The Effect

In this How-To we show how to accomplish a common but not entirely straightforward task of zooming in on a specific point of an image (or any other DisplayObject) and how to pan an image. We use the AS3 MatrixTransformer class from fl.motion package. We also show how to coordinate simultaneous mouse and keyboard interactions. Click the screen shot below to open the example in a new window:

Download

  • Download all source files corresponding to this effect: zoom.zip

The main tool that we use to accomplish zooming on a specific point is the MatrixTransformer class in fl.motion package. We presented this useful class in our recent tutorial: How to Rotate a Display Object About an Arbitrary Point in AS3 Flash.

Comments

The MatrixTransformer class does not include a method specifically for zooming on a point, which we should technically describe as rescaling with a specified anchor point. Simply changing the scaleX and scaleY property of a display object is always anchored at the registration point (0,0) of the display object. If we were managing the desired transformation in terms of basic operations, we would think of it as "translating the desired anchor point to (0,0), scaling with anchor (0,0), and translating back." The matchInternalPointWithExternal method in the MatrixTransformer class is based on this idea but is slightly more general. Specifically, the call

MatrixTransformer.matchInternalPointWithExternal(matrix, internalpoint, externalpoint)

takes a point in a child object (internalpoint) and a point in its parent object (externalpoint), and then adjusts matrix appropriately to include a translation that lines these points up. So if matrix is the transform matrix for the child object, this will make matrix include the information to line up the points. So if the child's transform matrix is set to be this modified matrix, then the intermalpoint and externalpoint will align.

We take advantage of this with the following logic. On the click to the mouse, we store the clicked point relative to the image coordinate system and its parent (called spImage) coordinate system. These are by definition lined up to start with. Then we scale the image, which makes the clicked point in the image coordinate system line up differently. The process described above brings these two points back into alignment by appropriately translating the image. The rest of the code below simply manages importing the picture and simple drag and drop functionality.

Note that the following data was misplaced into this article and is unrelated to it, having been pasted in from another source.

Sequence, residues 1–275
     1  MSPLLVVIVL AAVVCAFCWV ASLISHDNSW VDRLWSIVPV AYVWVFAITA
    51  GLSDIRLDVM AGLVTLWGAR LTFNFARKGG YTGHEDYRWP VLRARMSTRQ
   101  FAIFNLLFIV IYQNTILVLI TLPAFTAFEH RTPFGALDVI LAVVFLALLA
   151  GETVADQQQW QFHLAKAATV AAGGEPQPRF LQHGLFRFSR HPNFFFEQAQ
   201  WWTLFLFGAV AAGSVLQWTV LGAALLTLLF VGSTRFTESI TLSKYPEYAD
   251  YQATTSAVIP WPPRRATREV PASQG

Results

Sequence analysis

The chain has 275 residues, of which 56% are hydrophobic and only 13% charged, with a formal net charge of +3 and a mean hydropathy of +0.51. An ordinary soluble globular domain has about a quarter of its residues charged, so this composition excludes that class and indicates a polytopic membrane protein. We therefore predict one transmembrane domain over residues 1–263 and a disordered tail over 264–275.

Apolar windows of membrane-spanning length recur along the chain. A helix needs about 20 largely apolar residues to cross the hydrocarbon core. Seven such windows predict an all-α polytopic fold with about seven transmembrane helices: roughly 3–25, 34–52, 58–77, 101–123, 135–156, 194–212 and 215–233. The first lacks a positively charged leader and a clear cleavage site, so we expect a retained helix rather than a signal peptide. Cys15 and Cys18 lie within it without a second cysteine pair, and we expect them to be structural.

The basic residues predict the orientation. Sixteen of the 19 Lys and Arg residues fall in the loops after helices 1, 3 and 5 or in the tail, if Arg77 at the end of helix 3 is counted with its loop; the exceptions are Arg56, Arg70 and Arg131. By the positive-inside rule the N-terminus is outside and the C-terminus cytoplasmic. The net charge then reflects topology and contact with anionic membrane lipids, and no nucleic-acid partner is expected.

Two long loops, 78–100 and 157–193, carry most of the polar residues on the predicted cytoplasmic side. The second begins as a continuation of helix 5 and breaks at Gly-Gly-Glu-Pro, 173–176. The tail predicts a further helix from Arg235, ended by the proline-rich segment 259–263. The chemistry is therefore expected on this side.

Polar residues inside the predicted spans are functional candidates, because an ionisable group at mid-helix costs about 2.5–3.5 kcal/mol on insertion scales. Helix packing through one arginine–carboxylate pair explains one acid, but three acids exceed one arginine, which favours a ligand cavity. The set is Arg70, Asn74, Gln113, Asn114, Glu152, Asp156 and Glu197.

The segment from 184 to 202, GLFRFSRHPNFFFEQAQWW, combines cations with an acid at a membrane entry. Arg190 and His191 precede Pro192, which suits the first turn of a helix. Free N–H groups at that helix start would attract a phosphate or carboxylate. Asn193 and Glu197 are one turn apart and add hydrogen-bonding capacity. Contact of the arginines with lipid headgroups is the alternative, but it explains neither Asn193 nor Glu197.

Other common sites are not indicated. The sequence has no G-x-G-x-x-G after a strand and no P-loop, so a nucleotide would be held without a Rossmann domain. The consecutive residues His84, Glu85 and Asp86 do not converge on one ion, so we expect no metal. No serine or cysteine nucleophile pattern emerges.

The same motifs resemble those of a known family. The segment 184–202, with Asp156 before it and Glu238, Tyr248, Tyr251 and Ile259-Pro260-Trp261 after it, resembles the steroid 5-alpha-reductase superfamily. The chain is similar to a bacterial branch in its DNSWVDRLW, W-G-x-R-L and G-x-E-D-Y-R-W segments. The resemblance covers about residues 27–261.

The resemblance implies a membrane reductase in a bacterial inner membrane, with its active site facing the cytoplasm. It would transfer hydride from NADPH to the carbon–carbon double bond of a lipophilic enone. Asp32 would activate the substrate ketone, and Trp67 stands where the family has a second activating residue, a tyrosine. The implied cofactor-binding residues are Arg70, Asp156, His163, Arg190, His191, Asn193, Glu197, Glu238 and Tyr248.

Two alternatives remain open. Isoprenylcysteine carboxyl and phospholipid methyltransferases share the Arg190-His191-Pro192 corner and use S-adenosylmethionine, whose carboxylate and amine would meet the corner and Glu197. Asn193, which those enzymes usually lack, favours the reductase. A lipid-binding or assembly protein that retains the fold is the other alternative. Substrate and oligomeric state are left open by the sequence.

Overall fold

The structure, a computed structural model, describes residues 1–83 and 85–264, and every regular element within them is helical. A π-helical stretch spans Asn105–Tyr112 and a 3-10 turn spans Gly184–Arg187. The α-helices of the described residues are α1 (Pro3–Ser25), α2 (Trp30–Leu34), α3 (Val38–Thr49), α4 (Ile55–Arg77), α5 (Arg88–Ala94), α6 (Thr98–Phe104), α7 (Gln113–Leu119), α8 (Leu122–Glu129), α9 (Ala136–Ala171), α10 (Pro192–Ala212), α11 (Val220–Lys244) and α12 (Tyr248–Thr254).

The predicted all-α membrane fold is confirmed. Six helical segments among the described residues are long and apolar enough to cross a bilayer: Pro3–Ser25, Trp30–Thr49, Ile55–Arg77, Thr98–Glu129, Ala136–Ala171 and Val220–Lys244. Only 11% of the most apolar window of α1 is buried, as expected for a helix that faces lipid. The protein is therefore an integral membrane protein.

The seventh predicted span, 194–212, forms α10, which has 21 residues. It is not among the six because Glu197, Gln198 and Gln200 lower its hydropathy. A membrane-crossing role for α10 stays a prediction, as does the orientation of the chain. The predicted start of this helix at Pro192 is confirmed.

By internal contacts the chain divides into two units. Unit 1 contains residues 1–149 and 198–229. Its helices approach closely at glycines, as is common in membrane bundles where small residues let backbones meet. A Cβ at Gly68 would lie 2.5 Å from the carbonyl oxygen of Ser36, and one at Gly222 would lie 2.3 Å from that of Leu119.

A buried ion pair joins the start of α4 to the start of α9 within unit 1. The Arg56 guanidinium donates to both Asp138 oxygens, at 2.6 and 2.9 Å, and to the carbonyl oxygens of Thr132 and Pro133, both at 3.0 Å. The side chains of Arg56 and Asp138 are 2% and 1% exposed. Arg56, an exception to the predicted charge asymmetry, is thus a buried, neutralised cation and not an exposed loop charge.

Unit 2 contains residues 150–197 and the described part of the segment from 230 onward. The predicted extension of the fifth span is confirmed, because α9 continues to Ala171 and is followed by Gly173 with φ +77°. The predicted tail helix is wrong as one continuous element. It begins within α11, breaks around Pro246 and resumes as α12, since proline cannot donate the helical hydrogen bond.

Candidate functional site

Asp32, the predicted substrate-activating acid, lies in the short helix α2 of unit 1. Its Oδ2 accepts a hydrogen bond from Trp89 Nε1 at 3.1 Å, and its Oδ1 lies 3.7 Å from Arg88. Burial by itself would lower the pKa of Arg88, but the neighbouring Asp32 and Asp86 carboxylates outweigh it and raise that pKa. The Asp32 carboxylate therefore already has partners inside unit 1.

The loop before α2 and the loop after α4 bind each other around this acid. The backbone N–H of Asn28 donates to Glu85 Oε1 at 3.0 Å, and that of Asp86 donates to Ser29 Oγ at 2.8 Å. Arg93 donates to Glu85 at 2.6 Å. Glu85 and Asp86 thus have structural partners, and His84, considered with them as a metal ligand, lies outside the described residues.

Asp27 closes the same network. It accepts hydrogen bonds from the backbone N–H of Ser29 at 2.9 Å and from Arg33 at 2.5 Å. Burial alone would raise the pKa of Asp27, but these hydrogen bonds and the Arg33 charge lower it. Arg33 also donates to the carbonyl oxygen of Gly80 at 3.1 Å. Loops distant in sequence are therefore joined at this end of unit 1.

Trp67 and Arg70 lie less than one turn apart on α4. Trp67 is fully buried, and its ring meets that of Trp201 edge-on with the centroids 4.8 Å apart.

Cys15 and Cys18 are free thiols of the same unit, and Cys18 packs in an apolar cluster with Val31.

Code

We first import the MatrixTransformer class.

import fl.motion.MatrixTransformer;

Initially hide the zoom in/out cursors. Note that mcIn and mcOut were created on the stage and converted to movieclips using Modify > Convert to Symbol with the registration point set in the center. We converted the header text to a movieclip as well, mcHeader, to make it invisible while the image is loading.

mcIn.visible = false;

mcOut.visible = false;

mcHeader.visible=false;

//We created a dynamic text field, infoBox, on the stage to display loading info.

infoBox.wordWrap=true;

infoBox.mouseEnabled=false;

The board Sprite provides a static background on which the image will reside.

var board:Sprite=new Sprite();

addChild(board);

We create variables for the width and height of the board so we can scale the picture accordingly. These settings should be chosen with consideration of the pixel dimensions of the original picture.

var boardWidth:int=538;

var boardHeight:int=300;

The position of board will detrmine the position of your picture within the main movie.

board.x=90;

board.y=90;

The board will have a background so we can have the whole board listen for mouse events. The "image sprite" created below will be a child of the board.

board.graphics.beginFill(0xDDDDDD);

board.graphics.drawRect(0,0,boardWidth,boardHeight);

board.graphics.endFill();

The Sprite spImage is where we will place the image -- it is a Sprite so we can attach listeners for response to mouse events to implement drag & drop.

var spImage:Sprite = new Sprite();

board.addChild(spImage);

Create a mask for spImage with shape identical to the board. This will keep a scaled or moved picture from "leaving" the designated board area.

var boardMask:Shape=new Shape();

boardMask.graphics.beginFill(0xDDDDDD);

boardMask.graphics.drawRect(0,0,boardWidth,boardHeight);

boardMask.graphics.endFill();

board.addChild(boardMask);

spImage.mask = boardMask;

The variable scaleFactor for the proportion of scaling corresponding to each 'click' of the mouse wheel. The value 0.8 reflects 80% scaling when zooming out and 125% scaling when zooming in. The variable minScale reflects the smallest the image can be -- this is reset in the initPic function to be the scale at which the image fits on the board. The maxScale of 2.0 (this means that the maximum zoom is to a scale of 200% of the original image size) is hardcoded by the line below and depends on how blurry an image you can put up with.